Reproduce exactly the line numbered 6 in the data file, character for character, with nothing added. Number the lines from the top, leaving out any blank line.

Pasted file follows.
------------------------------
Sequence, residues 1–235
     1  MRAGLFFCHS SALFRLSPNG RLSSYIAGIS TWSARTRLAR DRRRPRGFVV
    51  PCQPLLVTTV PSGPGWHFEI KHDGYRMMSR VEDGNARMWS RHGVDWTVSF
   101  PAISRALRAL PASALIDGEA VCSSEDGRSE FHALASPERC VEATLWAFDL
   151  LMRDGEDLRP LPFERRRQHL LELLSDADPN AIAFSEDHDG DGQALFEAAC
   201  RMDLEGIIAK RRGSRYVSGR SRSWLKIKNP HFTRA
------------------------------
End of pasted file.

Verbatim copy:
   201  RMDLEGIIAK RRGSRYVSGR SRSWLKIKNP HFTRA